a hard, heavy, gray-white, metallic chemical element, found in wolframite, scheelite, tungstite, etc., and used in steel for high-speed tools, in electric contact points and lamp filaments, etc.: symbol, W; at. no. 74
Origin of tungstenSwed, literally , heavy stone, origin, originally name for scheelite, coined (1755) by A. F. Cronstedt (see nickel) ; from tung, heavy (; from Indo-European an unverified form t?ghu- ; from base an unverified form ten-, to pull from source thin) + sten, akin to Old English stan, stone
A hard, brittle, corrosion-resistant, gray to white metallic element extracted from wolframite, scheelite, and other minerals, having the highest melting point and lowest vapor pressure of any metal. Tungsten and its alloys are used in high-temperature structural materials and wear-resistant tools and machine parts; in electrical elements, notably lamp filaments; and in instruments requiring thermally compatible glass-to-metal seals. Atomic number 74; atomic weight 183.84; melting point 3,422°C; boiling point 5,555°C; specific gravity 19.3 (20°C); valence 2, 3, 4, 5, 6. Also called wolfram. See Periodic Table.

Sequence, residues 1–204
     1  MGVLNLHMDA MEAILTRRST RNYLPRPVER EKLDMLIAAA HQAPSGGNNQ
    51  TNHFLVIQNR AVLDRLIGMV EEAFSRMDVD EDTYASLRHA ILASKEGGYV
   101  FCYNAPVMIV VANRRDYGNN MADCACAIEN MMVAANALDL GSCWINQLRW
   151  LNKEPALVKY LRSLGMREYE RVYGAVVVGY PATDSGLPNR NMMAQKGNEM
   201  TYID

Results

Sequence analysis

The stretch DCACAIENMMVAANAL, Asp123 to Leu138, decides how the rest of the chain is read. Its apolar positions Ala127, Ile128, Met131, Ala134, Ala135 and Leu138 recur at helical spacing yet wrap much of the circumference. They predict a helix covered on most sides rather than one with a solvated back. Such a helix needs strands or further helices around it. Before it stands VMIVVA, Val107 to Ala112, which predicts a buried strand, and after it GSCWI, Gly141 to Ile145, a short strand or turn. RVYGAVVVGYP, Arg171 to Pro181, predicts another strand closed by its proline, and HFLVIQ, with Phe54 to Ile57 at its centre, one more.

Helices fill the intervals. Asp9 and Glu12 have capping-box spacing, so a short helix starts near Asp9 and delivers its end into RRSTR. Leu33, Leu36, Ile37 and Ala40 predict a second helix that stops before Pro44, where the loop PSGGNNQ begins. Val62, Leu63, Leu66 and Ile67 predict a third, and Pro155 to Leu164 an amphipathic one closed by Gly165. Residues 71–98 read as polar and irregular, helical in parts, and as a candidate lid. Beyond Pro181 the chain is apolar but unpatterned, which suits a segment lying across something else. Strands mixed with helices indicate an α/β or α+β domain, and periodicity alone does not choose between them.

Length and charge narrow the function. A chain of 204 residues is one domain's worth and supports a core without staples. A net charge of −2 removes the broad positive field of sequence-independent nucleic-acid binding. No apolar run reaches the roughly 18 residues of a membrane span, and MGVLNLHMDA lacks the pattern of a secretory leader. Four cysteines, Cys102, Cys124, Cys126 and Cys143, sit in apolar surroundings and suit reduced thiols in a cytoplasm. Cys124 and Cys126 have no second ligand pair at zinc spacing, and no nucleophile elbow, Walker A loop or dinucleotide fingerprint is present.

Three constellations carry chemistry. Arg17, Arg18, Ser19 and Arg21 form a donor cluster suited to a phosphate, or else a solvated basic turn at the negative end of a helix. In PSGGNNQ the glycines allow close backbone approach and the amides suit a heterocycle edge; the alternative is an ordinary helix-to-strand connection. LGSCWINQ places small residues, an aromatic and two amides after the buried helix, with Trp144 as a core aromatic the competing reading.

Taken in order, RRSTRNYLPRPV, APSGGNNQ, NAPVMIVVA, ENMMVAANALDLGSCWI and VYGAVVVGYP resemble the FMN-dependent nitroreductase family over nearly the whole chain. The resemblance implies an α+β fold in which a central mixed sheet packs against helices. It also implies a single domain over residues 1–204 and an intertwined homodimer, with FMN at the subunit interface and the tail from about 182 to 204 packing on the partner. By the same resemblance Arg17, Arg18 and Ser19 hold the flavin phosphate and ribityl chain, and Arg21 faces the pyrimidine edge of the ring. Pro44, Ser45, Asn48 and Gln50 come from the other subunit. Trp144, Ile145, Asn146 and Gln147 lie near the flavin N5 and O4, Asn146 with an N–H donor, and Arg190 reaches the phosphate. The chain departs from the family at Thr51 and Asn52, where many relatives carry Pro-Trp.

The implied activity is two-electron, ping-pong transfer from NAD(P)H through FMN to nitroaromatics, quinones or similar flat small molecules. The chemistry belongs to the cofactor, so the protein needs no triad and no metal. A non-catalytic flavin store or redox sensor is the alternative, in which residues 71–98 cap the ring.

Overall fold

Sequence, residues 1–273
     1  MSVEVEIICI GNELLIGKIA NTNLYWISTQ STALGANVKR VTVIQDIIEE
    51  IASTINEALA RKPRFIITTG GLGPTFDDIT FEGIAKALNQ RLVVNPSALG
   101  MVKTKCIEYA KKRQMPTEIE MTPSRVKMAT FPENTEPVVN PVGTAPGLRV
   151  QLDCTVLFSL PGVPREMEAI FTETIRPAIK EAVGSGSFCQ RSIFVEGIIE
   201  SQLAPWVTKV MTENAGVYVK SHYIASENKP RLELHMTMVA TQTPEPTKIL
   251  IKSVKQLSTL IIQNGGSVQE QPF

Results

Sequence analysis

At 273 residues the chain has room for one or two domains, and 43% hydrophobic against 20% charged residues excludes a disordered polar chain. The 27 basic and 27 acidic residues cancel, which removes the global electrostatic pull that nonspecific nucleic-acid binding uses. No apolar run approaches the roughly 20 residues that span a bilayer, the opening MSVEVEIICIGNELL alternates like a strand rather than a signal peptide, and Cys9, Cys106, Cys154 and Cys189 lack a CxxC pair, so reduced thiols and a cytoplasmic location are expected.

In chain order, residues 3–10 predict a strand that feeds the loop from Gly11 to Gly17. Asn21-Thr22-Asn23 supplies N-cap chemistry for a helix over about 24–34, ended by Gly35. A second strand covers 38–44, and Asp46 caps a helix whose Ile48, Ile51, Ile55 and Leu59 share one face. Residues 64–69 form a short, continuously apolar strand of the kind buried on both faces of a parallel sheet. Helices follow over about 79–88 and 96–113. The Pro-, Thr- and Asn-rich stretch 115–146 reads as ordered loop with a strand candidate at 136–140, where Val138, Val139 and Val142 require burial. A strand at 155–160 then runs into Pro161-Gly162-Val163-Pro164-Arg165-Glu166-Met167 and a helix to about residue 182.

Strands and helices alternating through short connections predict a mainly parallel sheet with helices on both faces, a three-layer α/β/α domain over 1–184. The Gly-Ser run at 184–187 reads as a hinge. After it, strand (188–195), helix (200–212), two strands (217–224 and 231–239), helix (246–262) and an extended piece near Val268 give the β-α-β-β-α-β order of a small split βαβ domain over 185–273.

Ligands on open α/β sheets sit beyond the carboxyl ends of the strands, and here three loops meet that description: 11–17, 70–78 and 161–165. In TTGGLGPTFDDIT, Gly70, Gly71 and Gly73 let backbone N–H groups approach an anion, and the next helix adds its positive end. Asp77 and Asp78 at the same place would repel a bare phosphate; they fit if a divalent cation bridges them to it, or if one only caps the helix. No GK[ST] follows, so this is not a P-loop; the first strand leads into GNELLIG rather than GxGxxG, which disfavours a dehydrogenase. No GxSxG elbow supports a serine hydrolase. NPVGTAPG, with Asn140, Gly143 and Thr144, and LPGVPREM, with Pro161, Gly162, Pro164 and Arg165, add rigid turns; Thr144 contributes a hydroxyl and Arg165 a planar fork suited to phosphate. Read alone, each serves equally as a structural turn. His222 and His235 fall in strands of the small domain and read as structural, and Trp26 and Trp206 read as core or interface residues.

Origin of tungstenSwedish : tung, heavy (from Old Norse thungr) + sten, stone (from Old Norse steinn; see stai- in Indo-European roots).
(countable and uncountable, plural tungstens)